Agent Zigzag: A True Story of Nazi Espionage, Love, and Betrayal
and so it is. Agent Zigzag is the story of Eddie Chapman, an English gentleman thief who talked his way out of prison in German-occupied France by becoming a German spy then immediately turned double-agent for Britain.
I quite enjoyed this book. Macintyre found most of the story in recently declassified documents, which gives this outrageous story a strong anchor. It's a deep look at WWII espionage, counterespionage, technology and psychology, but never dull. Chapman is truly a character made for movies - explosives, bank robbery, beautiful women, expensive taste, cover stories and sabotage. And yet often Chapman is restless and bored.
For anybody who likes a spy story (or the tv show Alias) or WWII trivia, this is a must-read. The story is well-written and most of the auxiliary characters are really well fleshed out. Plus there's a certain schadenfreude for the reader as upstanding government employees are compelled to provide a valuable spy with "loose women". The English are appropriately scandalized.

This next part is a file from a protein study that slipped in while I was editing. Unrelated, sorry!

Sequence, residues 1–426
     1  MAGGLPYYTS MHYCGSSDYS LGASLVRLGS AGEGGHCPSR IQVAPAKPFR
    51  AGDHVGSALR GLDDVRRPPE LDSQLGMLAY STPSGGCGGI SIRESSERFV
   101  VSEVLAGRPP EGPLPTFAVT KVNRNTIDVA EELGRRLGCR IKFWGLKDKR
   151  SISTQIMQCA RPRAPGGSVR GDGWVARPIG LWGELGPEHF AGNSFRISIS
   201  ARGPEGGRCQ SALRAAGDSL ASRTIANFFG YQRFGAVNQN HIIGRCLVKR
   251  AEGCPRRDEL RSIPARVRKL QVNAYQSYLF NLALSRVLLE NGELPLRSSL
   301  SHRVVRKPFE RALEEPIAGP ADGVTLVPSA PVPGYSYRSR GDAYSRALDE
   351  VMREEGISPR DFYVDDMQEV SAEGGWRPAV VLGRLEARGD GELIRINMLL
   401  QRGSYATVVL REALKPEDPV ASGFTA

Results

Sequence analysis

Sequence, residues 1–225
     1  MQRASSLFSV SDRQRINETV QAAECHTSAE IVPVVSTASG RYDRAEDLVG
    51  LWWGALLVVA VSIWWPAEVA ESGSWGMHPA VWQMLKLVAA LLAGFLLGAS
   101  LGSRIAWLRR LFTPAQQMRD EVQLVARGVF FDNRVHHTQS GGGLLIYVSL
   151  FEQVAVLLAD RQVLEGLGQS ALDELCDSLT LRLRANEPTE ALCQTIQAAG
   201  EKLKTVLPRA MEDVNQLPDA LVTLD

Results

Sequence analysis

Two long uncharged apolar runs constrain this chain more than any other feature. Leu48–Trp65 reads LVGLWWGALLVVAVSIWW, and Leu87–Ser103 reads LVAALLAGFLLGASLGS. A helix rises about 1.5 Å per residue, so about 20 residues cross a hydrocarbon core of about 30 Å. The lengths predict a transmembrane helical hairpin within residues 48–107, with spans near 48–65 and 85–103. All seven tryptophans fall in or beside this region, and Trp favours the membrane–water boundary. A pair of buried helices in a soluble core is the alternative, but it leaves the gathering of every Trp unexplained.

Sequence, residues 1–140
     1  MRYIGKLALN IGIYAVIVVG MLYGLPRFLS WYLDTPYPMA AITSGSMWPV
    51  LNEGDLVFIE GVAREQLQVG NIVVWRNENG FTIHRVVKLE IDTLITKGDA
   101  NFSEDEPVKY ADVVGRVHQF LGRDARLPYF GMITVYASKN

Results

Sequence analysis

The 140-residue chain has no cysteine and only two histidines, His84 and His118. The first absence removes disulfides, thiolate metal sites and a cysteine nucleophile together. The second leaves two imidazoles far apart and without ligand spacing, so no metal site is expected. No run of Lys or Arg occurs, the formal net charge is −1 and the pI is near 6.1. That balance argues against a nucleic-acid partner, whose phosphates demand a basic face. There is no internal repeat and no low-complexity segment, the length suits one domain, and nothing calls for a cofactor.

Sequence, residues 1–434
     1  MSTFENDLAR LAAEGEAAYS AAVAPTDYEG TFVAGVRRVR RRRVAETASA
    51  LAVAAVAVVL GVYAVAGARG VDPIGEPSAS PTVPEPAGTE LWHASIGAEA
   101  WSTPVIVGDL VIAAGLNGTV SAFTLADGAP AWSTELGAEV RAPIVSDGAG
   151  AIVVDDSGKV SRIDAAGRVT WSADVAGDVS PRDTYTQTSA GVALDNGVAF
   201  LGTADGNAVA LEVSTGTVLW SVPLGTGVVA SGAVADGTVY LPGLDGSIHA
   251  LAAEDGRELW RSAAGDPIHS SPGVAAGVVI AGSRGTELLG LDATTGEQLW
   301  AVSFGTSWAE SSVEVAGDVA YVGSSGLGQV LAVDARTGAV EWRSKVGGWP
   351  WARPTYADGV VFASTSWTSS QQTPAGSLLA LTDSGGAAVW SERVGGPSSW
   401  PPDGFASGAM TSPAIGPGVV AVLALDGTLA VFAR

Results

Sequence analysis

Chapman provided an astounding amount of valuable intelligence to the English at a crucial time in the war and was able to provide just as much valuable misinformation to the Germans, directing bombs away from central London and misleading them about the Allies technological capabilities.
Despite his amazing contribution to the war effort, Chapman was a con man and he was never fully trusted by his British handlers. Macintyre kind of obsesses over Chapman as a psychological study (as did the Germans and the Brits in their time), a man who will "look you straight in the eye while picking your pocket". He's an opportunist, for sure, but at a time of great need he was a patriot. His story is one worth reading, and it seems that Chapman himself would strongly agree.
Macintyre published another book about WWII last year called Operation Mincemeat which made Amazon.com's Top 100 Books of 2010. When I get through the backlog I'll definitely pick that up. At the moment I'm in the middle of Personal History, Katherine Graham's autobiography, two chapters into Acid Dreams, the complete social history of LSD, and I'm quickly consuming Rose by Inga Muscio. Clearly, I lack focus.